Aaron - Valid questions. I would like to move toward something like Misumi extruded aluminum and Makerslide for version 2.0 of Shepard. Version 1.1 is an incremental development where we fix the primary problems with version 1.0. We're also trying to get version 1.1 done quickly for a partner organization that wants to get their feet wet with motor testing, so reusing the wood structure with some incremental improvements has the added advantage of getting it into their hands quickly.

I agree with your critique of using wood for the structure. I've got the Misumi structure in my head for 2.0, I just have to get version 1.1 ready for public consumption first. I'll post my sketches for review once 1.1 is ready to go.

Here's a list of the main problems that we've found with the version 1.0 design.

RE: Future Design Discussion - v1.1 - Added by Aaron Harper almost 10 years ago

Gotcha. With such a low scan rate on the sensor, you would never notice deflection or non-linearity due to the material anyway, but we're fixing that too.

Any ideas on how to prevent the fouling of the slide, or is that the reason for evaluating a move to the makerslide?

RE: Future Design Discussion - v1.1 - Added by Jeremy Wright almost 10 years ago

I haven't seen the design change yet since J just got it done, but he has shielded the drawer rail by extending the motor mount plate I believe. I'll get info on the design change posted soon. Ideally we would make these changes on ODE and discuss them before implementing them, but with this being an incremental change and with the time constraints, we're cheating a little. I'm waiting for an engineering process fairy to pop up and smack my knuckles with a ruler for cutting such corners though.

The move to the Makerslide is a personal preference of mine, but I wouldn't be opposed to continuing with the drawer slide if we can make it work, and if that's what our development team decides on for version 2.0.

I forgot to address one comment you made about the wood construction above. The wood in the structure is exposed to flame, but we've had good luck on this version by using heat resistant paint.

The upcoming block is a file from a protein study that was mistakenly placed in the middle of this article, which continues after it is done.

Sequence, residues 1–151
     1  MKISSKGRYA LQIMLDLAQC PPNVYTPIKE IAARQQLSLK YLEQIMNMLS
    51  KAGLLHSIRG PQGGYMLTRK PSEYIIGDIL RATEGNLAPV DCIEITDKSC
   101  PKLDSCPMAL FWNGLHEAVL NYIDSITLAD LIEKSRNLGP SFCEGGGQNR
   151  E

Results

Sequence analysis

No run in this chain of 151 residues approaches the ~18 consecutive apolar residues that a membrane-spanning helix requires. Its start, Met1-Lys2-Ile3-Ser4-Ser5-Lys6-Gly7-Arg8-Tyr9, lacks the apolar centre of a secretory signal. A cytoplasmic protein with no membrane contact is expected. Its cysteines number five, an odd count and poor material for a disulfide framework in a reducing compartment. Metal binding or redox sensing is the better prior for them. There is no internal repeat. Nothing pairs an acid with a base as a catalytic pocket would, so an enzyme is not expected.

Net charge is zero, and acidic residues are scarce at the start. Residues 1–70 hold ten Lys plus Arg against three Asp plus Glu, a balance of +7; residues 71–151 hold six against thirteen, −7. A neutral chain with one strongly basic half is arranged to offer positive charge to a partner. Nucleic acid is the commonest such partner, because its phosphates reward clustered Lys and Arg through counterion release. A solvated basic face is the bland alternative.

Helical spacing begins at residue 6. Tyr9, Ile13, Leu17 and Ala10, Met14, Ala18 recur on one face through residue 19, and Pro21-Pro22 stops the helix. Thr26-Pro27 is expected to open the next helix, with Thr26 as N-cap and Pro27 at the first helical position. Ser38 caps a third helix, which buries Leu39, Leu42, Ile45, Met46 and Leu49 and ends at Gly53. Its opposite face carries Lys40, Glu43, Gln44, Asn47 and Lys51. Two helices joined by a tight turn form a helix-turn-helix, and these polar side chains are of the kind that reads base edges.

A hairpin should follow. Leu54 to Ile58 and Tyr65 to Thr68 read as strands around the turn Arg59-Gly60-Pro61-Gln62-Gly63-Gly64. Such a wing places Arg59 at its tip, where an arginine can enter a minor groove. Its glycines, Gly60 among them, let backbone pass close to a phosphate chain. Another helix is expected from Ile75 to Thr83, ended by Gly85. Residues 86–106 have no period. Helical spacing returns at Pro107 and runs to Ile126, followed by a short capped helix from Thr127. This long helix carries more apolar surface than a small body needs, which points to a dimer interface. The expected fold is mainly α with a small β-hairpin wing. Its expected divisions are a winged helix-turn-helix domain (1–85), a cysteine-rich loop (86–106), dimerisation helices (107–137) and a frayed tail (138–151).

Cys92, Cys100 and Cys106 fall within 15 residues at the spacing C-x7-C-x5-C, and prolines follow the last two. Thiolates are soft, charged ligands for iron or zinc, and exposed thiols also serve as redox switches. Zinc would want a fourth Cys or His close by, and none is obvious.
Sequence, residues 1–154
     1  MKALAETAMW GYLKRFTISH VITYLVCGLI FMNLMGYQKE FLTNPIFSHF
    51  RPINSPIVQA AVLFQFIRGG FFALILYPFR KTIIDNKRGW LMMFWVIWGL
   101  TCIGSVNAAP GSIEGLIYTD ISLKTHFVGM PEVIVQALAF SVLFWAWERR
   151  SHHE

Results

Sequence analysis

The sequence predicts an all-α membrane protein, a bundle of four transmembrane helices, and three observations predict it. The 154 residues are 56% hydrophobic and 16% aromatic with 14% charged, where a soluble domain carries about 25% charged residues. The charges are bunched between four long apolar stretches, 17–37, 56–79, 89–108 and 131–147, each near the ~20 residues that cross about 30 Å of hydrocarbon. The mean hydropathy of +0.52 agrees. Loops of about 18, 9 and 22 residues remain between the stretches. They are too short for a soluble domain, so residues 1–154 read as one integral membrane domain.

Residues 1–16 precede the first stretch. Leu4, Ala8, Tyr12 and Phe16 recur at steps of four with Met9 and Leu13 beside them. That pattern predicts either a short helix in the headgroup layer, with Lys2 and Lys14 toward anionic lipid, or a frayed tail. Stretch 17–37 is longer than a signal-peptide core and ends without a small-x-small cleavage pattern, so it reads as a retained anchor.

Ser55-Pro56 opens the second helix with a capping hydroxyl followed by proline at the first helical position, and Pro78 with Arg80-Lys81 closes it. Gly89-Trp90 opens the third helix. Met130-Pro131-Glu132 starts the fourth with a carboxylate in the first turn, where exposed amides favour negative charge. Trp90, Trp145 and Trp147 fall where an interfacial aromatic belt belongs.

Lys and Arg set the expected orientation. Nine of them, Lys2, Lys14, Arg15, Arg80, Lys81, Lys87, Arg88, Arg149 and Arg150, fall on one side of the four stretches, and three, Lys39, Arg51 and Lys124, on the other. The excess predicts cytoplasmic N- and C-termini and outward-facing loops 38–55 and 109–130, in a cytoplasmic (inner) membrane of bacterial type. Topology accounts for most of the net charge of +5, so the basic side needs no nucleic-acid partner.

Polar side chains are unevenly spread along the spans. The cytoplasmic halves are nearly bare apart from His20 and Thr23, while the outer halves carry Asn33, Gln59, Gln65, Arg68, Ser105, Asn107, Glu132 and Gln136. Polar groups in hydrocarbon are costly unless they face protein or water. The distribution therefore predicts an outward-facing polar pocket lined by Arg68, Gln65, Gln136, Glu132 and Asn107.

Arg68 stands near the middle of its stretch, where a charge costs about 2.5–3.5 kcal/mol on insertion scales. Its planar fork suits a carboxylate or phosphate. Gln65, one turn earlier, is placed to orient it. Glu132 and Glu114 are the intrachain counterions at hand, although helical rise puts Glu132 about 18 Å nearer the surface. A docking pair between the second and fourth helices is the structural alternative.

RE: Future Design Discussion - v1.1 - Added by Aaron Harper almost 10 years ago

In my experience, the engineering process fairy is fairly forgiving as long as the process is documented eventually and results are obtained within the timeline. :) I figured you treated the wood with something... You and J would lose sleep if you didn't.

For v2.0 have you considered using 3D printed parts (shielded from heat) and the same 7mm smooth rod and LM7UU bearings you would use on a 3D printer? Mounting 2 of these rails on either side of the engine holder with 4 linear bearings (similar to the X axis of a Reprap) may work and would provide a fairly easy way to build the parts. I figure if 3D printed parts can hold up for hours close to a heated bed and print head, it will be fine for the brief impulse of radiant heat from the engine plume, particularly if shielded with something like this: http://www.jegs.com/i/JEGS+Performance+Products/555/32075/10002/-1. The thing these parts will not give you is the mass that would help with stability.

RE: Future Design Discussion - v1.1 - Added by Jeremy Wright almost 10 years ago

What you're proposing is very similar to a Shepard 1.0 preliminary design that Greg proposed quite awhile ago.

Ideally, what I'd like to see during the preliminary design phase for v2.0 is several competing design sketches (including my own) so that we can work through the pros and cons of each design to see what falls out. We didn't start with many visuals or any sketches in the preliminary design Hangout for version 1.0, and I think the process suffered because of that. That's just my opinion, but I think it's backed by the fact that the design we came up with in the Hangout has very little resemblance to what J actually built for the Open Hardware Summit. Greg had also voiced a very valid concern that the design was overly complicated for a level 1 kite. Below is a simplified representation of the original Shepard preliminary design that Greg did when he was trying to understand what we were talking about.

RE: Future Design Discussion - v1.1 - Added by Aaron Harper almost 10 years ago

My thought was similar to Greg's, but make both end pieces out of ABS or PLA and leave the back open to allow the gasses to vent without hitting the plastic. Join the front and back halves with threaded rods. The carriage could be plastic too as long as the engine mount and ejection charge deflectors are insulated. This would also allow the front bulkhead to hold the sensor mounted to a thin steel plate and the microcontroller on the other side under a cover. The trouble is, as light as this would be that it would move around with a big engine enough to reduce the sensed thrust.

RE: Future Design Discussion - v1.1 - Added by Jeremy Wright almost 10 years ago

Here's a great metal enclosure with pre-drilled flanges for the Arduino and a shield, but it would put us over budget for this rev of Shepard.

https://www.sparkfun.com/products/10033

It would make Shepard a lot easier to transport and operate though.